Religion is to be cherished in the home life. The members of the family are to show that they are in possession of a power received from Christ. They are to improve in every habit and practise, thus showing that they realize constantly that to be a Christian means nothing less than conformity to the character of Christ. ST September 1, 1898, par. 5

They are to show by a good example that they have that faith which works by love and purifies the soul, making the character true and undefiled, until by growth in grace the natural bent of the thoughts and feelings is heavenward. ST September 1, 1898, par. 6

The right principles followed daily, hourly, in the home, bring Jesus very near, and where He is, there is light and peace and joy. What are the conditions of Christ's indwelling presence?—“If ye keep My commandments, ye shall abide in My love; even as I have kept My Father's commandments, and abide in His love.” “He that hath My commandments, and keepeth them, he it is that loveth Me; and he that loveth Me shall be loved of My Father, and I will love him, and will manifest Myself to him.” “These things have I spoken unto you, that My joy might remain in you, and that your joy might be full.” ST September 1, 1898, par. 7

Precious charge, given to every believer! A Christlike influence surrounds him who has given himself to the Lord. He feels that he is under obligation to serve God, and he manifests a love that makes all duties pleasant. But if Christians allow themselves to be selfish, they become impatient, petulant, harsh. Satan takes the lines into his own hands, and controls them. They speak and act without regard to the influence they exert on others. They do not stop to think that the enemy is using them to bring confusion, sadness, and discouragement into the home. Their thoughts are unsanctified and unholy; for God is forgotten. Yet some who act thus are professedly servants of Christ. They think they have a great duty to perform, but it is outside the home. They have no time to do missionary work at home; but they are anxious to work for sinners afar off. A desire for outward effect controls their thoughts and actions. ST September 1, 1898, par. 8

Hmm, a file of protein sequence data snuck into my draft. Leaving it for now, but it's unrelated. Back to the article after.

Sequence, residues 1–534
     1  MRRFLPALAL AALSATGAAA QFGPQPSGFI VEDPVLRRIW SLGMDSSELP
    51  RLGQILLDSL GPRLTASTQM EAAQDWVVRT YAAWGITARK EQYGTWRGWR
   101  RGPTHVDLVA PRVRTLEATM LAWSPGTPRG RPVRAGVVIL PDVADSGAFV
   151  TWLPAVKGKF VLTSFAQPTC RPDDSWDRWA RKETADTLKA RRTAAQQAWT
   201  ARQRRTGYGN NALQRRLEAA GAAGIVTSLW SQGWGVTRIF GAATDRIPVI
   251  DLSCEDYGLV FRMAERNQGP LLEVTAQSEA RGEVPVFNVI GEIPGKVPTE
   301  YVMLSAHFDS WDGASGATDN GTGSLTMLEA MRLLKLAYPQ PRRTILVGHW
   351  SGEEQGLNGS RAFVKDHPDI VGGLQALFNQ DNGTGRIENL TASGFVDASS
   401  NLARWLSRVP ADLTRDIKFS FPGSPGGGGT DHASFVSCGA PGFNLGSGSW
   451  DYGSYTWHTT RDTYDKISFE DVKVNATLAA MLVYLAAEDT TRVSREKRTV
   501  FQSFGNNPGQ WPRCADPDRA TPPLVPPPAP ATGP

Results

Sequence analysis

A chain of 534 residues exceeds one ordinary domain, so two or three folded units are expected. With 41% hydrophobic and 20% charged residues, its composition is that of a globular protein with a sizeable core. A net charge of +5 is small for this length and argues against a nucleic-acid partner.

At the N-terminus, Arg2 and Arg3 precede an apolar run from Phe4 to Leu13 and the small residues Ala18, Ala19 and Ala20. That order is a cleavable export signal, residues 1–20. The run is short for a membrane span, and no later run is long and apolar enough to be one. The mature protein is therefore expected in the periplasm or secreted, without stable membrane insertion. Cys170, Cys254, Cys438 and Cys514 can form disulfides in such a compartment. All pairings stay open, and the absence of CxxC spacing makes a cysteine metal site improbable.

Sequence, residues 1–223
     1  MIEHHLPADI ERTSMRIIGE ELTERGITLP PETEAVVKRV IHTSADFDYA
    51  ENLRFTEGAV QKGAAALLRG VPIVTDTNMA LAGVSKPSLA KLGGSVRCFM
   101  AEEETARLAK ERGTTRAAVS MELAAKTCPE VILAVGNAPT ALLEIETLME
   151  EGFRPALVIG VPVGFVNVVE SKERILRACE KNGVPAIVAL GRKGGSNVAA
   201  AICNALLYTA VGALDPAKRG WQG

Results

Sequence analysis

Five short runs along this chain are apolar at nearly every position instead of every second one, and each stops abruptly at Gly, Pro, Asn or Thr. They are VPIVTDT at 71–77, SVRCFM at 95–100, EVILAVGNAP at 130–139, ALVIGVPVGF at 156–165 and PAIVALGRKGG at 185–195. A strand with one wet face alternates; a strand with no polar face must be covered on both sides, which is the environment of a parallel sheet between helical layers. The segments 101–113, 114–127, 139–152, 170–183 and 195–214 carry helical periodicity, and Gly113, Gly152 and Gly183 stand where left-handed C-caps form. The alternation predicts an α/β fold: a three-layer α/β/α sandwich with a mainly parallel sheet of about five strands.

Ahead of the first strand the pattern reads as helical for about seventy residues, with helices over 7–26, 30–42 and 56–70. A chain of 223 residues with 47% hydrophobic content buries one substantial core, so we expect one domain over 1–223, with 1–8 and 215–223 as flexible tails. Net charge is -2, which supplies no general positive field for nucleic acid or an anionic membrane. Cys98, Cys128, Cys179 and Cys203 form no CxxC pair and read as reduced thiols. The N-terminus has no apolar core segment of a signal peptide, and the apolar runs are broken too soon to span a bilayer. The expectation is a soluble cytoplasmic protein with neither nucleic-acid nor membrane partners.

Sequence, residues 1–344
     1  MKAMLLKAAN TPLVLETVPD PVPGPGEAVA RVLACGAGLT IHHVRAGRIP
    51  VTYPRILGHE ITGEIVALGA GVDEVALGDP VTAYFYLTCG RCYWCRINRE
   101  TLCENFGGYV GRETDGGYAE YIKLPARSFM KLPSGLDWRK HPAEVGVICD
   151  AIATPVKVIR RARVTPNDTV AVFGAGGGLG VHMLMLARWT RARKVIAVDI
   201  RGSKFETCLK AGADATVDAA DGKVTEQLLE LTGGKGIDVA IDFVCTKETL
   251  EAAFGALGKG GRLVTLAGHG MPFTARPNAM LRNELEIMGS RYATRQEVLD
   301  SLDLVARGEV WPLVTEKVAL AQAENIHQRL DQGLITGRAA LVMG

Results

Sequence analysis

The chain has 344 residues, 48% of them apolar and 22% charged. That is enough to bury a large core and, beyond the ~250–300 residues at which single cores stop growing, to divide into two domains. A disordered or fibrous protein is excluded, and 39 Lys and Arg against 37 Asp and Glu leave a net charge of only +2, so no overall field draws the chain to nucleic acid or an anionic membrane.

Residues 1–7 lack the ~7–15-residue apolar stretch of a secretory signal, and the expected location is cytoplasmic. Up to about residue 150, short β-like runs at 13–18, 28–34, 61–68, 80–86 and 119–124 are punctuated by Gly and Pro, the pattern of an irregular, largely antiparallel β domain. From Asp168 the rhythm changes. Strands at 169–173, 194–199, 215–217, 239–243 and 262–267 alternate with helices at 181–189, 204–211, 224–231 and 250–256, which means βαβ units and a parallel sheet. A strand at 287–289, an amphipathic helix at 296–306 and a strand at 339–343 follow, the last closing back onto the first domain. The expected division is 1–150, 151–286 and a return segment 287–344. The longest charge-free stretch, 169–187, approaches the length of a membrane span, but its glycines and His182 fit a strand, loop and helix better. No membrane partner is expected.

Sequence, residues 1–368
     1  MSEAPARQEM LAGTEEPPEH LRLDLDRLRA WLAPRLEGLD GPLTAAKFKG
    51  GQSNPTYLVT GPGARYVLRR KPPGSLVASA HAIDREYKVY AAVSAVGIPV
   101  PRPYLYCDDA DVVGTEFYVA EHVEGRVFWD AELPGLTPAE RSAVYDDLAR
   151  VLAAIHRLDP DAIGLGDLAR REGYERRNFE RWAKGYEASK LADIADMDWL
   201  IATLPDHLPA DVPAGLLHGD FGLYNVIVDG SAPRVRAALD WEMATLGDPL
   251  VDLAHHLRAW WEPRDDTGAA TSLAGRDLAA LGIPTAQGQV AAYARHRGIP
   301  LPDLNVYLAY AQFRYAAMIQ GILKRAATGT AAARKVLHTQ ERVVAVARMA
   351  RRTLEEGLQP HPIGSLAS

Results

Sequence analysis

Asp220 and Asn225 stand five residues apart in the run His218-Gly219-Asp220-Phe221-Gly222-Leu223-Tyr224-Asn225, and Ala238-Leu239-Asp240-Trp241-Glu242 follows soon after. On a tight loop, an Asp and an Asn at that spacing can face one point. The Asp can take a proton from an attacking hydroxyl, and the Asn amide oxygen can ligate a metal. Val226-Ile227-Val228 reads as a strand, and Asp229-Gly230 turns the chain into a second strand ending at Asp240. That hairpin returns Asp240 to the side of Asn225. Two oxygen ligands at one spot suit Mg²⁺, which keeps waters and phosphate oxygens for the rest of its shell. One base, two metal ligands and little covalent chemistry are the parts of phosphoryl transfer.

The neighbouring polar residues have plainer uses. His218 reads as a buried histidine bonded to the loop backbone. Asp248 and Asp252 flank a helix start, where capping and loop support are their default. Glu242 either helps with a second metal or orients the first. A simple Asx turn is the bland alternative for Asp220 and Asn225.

Missionary work is to be done in the home. Here those who have received Christ are to show what grace has done for them. A divine influence controls the true believer in Christ, and this influence makes itself felt throughout the home, and is favorable for the perfection of the characters of all in the home. ST September 1, 1898, par. 9

The faithful performance of home duties has an influence upon those not in the home. Our spiritual progress in the home is carried into our missionary work abroad. In the father's house is to be given the evidence of a fitness to work for the church. With earnest, humble hearts the members of the family are to seek to know that Christ is abiding in the heart. Then they can go forth fully armed and equipped for service. ST September 1, 1898, par. 10